On Tue, Aug 25, 2015 at 5:57 PM, Darren Marshall via Mercedes
<mercedes@okiebenz.com> wrote:
> Craig, let me know if you want to buy an iMac...

Seems a little drastic.

Let me get out of the way that I am not a Windows guy.  At work I have
probably 30-50 Linux VMs outside IT that I've spun for various people,
and I spend less time managing those than the 5-10 long-running
Windows servers I've done.  I first installed Redhat 6 when that was
latest (not RHEL 6 :) and have had at least one Linux machine ever
since.  That said, the kids are using Windows at school, and so I have
had W7 on all my user machines at home for several years.

I've installed W7 probably 10 times at home (various
laptops/desktops/etc.), mostly on older machines.  It's always
performed better than XP on those systems, and for the most part
better than X Windows - at least from a startup/responsiveness
perspective.  These are home machines so are powered up and down all
the time. The kids log in, do stuff, and then I wipe the system and
install again after a while (aforementioned 'registry is stupid'
thought).  So far it has been pretty painless, but:
 1) I know where the drivers are for all the systems.  I usually stick
them on a USB the first time I have to get them, then update those I
can find the next install.
 2) I have figured out the trick for installing with the upgrade
licenses I have.  This is totally absurd but it's the game I play for
buying the cheap licenses.
 3) I always install on a fast-ish network, and plan to download all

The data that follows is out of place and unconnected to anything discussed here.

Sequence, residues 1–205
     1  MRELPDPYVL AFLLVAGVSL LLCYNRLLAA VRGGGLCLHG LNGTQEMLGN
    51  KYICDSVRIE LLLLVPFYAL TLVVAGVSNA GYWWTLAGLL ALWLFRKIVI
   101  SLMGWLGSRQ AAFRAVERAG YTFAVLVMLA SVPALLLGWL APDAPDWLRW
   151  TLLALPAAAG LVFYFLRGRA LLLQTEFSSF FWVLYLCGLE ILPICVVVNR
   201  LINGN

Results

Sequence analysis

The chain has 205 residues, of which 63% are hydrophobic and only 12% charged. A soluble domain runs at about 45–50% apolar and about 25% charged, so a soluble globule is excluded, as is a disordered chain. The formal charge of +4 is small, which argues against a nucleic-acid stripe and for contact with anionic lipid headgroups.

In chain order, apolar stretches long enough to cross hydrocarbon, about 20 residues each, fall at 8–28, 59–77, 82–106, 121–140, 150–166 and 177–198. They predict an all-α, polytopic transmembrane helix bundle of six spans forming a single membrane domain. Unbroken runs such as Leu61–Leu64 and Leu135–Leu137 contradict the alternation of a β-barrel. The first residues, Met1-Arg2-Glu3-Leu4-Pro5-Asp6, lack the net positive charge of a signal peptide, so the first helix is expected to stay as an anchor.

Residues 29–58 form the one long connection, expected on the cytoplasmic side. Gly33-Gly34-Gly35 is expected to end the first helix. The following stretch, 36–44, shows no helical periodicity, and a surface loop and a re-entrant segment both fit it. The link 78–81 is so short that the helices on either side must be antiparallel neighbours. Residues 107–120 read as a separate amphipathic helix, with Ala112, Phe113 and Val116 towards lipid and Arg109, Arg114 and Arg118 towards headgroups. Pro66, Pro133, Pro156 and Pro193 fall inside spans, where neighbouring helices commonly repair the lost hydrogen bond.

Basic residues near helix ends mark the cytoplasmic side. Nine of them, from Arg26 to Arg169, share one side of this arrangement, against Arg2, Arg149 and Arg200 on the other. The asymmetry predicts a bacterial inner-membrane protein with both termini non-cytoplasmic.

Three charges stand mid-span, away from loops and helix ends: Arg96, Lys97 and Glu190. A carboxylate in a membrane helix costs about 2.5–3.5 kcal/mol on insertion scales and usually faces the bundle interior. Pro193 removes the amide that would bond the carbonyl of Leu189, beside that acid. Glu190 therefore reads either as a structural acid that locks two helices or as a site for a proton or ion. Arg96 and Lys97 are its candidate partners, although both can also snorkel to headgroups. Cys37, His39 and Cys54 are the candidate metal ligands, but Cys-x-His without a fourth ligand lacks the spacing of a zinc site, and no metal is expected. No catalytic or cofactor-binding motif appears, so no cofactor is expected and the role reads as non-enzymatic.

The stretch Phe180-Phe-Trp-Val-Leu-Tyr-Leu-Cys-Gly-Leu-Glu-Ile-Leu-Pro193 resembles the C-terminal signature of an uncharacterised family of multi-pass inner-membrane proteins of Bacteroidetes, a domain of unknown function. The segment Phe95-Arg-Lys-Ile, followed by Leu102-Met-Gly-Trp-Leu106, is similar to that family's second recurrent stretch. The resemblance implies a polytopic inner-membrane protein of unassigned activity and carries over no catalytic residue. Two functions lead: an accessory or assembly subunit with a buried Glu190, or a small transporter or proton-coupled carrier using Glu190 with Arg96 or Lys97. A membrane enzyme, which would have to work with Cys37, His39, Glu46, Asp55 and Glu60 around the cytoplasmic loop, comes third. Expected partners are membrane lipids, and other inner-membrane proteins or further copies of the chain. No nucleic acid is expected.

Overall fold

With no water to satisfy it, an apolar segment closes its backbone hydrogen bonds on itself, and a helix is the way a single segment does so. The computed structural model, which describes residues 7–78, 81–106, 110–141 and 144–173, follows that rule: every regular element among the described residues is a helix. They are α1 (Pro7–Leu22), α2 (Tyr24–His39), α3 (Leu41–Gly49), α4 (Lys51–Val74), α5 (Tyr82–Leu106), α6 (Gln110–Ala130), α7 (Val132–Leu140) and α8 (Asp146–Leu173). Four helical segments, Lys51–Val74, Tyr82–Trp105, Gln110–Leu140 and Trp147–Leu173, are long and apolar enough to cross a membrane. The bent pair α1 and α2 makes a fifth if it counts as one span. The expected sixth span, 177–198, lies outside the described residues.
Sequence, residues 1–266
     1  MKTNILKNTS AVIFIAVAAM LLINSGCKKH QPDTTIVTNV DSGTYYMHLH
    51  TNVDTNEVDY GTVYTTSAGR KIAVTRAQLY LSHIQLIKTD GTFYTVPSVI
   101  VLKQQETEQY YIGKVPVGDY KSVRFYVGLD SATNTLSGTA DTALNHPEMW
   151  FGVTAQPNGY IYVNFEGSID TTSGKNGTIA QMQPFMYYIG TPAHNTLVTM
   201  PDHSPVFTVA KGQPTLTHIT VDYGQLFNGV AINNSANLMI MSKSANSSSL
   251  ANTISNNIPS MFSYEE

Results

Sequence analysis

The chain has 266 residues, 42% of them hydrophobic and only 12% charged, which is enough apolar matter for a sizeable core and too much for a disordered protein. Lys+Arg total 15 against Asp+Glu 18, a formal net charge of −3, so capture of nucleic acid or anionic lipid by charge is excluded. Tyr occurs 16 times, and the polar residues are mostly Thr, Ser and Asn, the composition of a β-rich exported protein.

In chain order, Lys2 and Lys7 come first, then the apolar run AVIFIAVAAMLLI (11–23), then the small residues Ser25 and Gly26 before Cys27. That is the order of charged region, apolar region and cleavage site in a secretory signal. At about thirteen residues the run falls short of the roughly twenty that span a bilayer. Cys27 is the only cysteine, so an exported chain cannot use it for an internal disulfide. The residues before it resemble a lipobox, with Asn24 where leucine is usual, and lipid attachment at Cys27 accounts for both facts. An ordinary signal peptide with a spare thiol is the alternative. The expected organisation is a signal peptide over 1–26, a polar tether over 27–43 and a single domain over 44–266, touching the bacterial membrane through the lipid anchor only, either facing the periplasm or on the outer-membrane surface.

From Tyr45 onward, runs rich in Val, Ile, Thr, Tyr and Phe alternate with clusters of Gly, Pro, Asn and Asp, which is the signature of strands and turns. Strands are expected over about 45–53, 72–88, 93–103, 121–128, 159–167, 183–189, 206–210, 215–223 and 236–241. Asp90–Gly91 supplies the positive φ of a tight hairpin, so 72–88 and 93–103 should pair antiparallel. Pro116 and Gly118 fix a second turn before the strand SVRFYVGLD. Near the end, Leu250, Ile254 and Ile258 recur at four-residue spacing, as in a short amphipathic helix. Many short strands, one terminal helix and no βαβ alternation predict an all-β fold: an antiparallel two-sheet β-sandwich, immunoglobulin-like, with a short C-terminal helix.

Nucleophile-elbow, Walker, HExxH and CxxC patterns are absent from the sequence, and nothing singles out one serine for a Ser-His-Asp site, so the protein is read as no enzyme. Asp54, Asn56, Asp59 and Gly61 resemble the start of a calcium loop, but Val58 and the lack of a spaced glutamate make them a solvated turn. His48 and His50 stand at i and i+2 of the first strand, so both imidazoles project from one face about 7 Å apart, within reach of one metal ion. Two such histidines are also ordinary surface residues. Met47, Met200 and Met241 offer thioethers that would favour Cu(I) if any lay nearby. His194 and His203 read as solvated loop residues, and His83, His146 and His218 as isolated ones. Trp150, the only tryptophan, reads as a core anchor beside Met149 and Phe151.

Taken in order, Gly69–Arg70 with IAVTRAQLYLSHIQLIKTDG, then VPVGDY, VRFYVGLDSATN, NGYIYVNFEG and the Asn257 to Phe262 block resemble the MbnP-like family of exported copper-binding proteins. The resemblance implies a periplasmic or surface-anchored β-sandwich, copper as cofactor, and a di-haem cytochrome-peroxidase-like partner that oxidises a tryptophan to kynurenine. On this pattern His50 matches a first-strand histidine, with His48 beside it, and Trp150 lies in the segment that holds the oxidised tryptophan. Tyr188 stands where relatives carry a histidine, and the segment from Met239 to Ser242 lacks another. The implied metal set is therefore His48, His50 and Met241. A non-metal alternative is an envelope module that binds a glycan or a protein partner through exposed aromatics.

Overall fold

the updates over the first few days.  I'll do one install the first
night, start the second in the morning, the third the next night, and
so on.  It's silly when I've been able to apt-get update since
forever, but it works.
 4) I forget to log out / power down at least once a week, so the
machine does its updates overnight on that day.
 5) HP printer drivers are bad.  The hacked ones on Linux are so much better.
 6) I once had to call in to proclaim to the lady that I was not using
the license elsewhere after a reinstall, but they've never hassled me
beyond that for redeploying it.

Really I think #3 is the key. Once everything is installed, the
updater does a good job keeping up, but the upgrades don't install
well out of order.  I assume they never fixed the requirement to
install updates in waves to account for this, but obviously it doesn't
work.  You can emulate this on a slower link by installing he latest
SP and then running updater, but that in itself is a pain. (For Craig,
if he was able to leave the system alone on the internet it would
eventually take care of itself, but it would probably take a few days
and obviously that's not reasonable on dialup.)

So, even though I'm a Linux geek, and tend to deploy them 5x as often
as Windows systems*, I think W7 is a decent OS, and a bit better than
XP on the same hardware.  You really don't have to be scared of it.

*Okay, that's hardly fair, we also have a lot of physical servers
outside IT: about 60% Unix, 20% each Linux/Windows, and one poor
little Mac Mini with a load of different OSX VMs.  But if we only
count general-computing x86 VMs...

wants to spend more time in the real Mercedes than the virtual PCs,
but one pays the bills and the other creates them :)


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